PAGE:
Identifying risk factors and potential interventions for AD progression (secondary prevention) is of obvious importance to patients, caregivers and clinicians, and for this reason it is important to examine the association of cardiovascular medication use and AD progression. It is important to use a study design that specifically addresses issues of progression because a disease-modifying factor may have differing effects at different stages of disease. For example, increased blood pressure and serum cholesterol in midlife are associated with incident AD in late life,3 while decreased blood pressure and serum cholesterol in late life18,19 are associated with an increased risk of AD in late life. Given the methodologic challenges of primary prevention trials in AD, disease modification (alteration of the rate of progression) may be a more realistic goal for the new treatments.20
The Cache County Dementia Progression Study (DPS) consists of a population-based cohort of incident dementia, and is designed to define the cognitive, functional, and neuropsychiatric trajectories of dementia patients, as well as risk factors that modify these trajectories. We sought to assess the effect of medications for treatment of vascular conditions on AD progression. The hypothesis of this article is that cardiovascular medications will alter the rate of functional decline in AD.
Participant Screening
The DPS enrolls participants with incident dementia screened from the population of Cache County, Utah via procedures of the Cache County Study on Memory, Health, and Aging (CCSMHA). The protocols have been reported in detail elsewhere.21 Briefly, of the 5677 permanent residents of Cache County Utah aged 65 or older on January 1, 1995, 5092 (90%) enrolled in the study and underwent a multistage screening and assessment. Individuals with prevalent dementia were identified at the initial study wave (1995–1996) and those developing incident dementia were identified at two follow-up waves (1998–1999 and 2002–2003). At each wave, participants were screened for dementia using the revised Modified Mini-Mental State Examination for epidemiologic studies (3MS).22. Individuals whose 3MS scores (adjusted for education and sensory deficits) fell below 87 out of a possible 100 were studied further using the Dementia Questionnaire.23 Participants with suspected dementia or its prodrome underwent baseline clinical assessment, including an interview to ascertain medical, cognitive, and demographic history, a brief medical and neurological examination, and a neuropsychological test battery. Following case review by a study geropsychiatrist and neuropsychologist with the clinical assessment team, individuals with suspected dementia were referred for an MRI scan, laboratory studies, and geropsychiatry evaluation. All available information were reviewed by a panel of experts who assigned final dementia diagnoses (see below). Participants with a diagnosis of incident dementia (N = 432) over the two waves of follow-up in CCSMHA had the option of continuing in the DPS. Of these, 250 participants (58%) had probable or possible AD without concomitant vascular dementia. DPS participants were followed with in-home assessments, similar to that of the CCSMHA, by an interdisciplinary specialty geropsychiatry team. The baseline assessment for the DPS is considered to be the visit that established the diagnosis of dementia in CCSMHA. Two hundred sixteen (86%) of the 250 participants had sufficient baseline data available for analysis, and of these 135 (63%) of the 250 AD participants had at least 1 additional follow-up and, therefore, comprise our longitudinal sample. It should be noted that DPS is an ongoing study and the major reason for small numbers of participants at visits 3–5 is because the study is not yet complete, rather than loss to follow-up.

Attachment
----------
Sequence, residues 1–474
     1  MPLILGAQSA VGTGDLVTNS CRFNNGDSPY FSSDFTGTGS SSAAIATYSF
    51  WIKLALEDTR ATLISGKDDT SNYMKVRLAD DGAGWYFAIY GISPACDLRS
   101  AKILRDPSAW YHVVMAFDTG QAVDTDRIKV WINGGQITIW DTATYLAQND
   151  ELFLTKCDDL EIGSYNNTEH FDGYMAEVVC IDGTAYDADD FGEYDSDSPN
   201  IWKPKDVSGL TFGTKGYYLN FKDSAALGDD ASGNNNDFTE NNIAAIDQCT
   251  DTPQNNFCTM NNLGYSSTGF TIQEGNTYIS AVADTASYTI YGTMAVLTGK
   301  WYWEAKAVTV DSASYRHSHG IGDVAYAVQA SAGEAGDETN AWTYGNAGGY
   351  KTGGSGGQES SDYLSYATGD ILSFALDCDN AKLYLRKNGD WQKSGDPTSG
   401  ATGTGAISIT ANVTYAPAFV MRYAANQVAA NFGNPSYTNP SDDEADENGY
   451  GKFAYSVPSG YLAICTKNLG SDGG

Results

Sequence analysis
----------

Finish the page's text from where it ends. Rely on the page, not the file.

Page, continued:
Assessment of Dementia and Dementia Severity
Dementia diagnoses were assigned by a panel of experienced clinicians in geropsychiatry, neurology, and neuropsychology after thorough review of all available information including results of the clinical assessment, geropsychiatry exam, and neuroimaging and laboratory studies. The assessment included interview of the participant as well as a proxy informant; the proxy informant was generally a family member with the most current knowledge of the participant’s condition. Dementia was diagnosed according to DSM–III–R criteria24 and AD diagnoses were made according to National Institute of Neurological and Communicative Disorders and Stroke and the Alzheimer Disease and Related Disorders Association (NINCDS/ADRDA) criteria.25 Participants were included if they were diagnosed with possible or probable AD and were excluded if they had other primary or secondary diagnoses including vascular dementia.